@Keith_Guerrette, @BenLee I ran into this challenge with a client as well - here’s how I made this cul-de-sac into a thru-street.
- Google Apps Script uses the Coda SDK to read a master table in the doc that contains all the reporting details (i.e., email recipients, chart names, text narrative sections, and data source references).
- The master table also indicates the reporting interval for each configured report.
- A (GAS) script reads the master table every 15 minutes looking for reporting jobs to process.
- When it finds a reporting job to perform, it dynamically (re)builds the charts (in memory), drops them and any text narratives from designated sections into a Google Doc report template, converts it to a PDF, and sends it out to the designated email recipients.
This reporting method has some distinct advantages including the ability to craft multiple automated reports from a single Coda document, thus making it possible for different classes of data consumers to receive culled snapshots at varying intervals. Furthermore, by embracing data consumers external to the Coda platform, you can overcome some of the pricing model pressures we’ve seen of late.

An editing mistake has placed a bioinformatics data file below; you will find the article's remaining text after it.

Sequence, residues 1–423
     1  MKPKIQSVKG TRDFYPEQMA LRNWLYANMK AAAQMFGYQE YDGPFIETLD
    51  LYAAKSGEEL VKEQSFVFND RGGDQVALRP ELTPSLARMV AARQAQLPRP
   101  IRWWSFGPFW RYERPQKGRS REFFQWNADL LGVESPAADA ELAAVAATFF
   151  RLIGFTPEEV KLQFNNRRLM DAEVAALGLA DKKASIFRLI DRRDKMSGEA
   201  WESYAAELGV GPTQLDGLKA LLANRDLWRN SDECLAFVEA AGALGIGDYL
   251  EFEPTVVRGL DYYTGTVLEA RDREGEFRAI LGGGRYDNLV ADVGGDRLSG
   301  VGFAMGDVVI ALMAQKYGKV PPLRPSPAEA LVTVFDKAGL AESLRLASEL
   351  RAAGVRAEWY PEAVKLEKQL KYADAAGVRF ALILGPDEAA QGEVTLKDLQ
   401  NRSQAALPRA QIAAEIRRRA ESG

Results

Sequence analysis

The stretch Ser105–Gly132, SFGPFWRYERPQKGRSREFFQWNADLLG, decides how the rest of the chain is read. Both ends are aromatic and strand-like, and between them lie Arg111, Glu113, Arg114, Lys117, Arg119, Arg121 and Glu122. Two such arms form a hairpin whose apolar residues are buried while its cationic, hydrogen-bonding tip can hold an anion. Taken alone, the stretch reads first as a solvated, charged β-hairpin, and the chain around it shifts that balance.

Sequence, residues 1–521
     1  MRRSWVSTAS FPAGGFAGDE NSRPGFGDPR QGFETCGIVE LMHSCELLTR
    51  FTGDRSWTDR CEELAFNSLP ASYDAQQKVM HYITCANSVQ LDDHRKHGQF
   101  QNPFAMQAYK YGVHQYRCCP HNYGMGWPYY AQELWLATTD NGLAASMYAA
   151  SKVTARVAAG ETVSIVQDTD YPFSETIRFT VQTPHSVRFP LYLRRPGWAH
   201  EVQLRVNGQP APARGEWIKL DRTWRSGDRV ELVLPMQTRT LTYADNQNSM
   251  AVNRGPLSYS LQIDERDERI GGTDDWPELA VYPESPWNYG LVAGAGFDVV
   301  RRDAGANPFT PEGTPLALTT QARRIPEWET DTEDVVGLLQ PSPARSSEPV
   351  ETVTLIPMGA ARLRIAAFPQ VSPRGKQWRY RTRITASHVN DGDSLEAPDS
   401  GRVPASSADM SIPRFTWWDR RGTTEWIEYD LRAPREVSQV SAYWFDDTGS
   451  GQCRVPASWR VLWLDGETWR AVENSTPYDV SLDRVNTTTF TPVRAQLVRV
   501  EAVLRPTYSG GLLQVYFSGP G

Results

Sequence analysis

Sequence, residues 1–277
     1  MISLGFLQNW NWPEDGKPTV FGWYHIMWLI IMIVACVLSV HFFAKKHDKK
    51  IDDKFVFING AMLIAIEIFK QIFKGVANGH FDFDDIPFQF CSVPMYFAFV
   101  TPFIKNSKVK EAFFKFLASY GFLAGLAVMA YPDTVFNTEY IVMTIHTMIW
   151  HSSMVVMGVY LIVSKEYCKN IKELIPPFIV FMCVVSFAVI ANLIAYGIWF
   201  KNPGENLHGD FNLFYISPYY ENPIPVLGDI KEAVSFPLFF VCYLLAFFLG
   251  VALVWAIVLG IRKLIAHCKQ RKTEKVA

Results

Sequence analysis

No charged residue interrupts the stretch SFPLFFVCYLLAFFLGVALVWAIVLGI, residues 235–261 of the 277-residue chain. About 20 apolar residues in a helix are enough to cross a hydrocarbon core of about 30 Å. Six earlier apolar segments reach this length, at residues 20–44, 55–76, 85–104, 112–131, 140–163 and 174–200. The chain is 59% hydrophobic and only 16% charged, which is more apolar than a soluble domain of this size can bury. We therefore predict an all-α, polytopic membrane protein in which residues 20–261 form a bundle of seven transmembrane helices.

In my view, if you need to created fully automated, lights out processes, and where pixel precision is critical in your briefing and reporting requirements, this is a far better approach than expecting to Coda to be everything to everyone in terms of reporting features.
Indeed, I would love it if all these features were provided by Coda, but this will likely never happen - it’s an over-reach of product expectations and why APIs exist in the first place.
The approach I use here and for Airtable and Notion is not simple, nor is it easy or cheap (in terms of effort), but it is very effective and the client loves it because it is exactly what they want.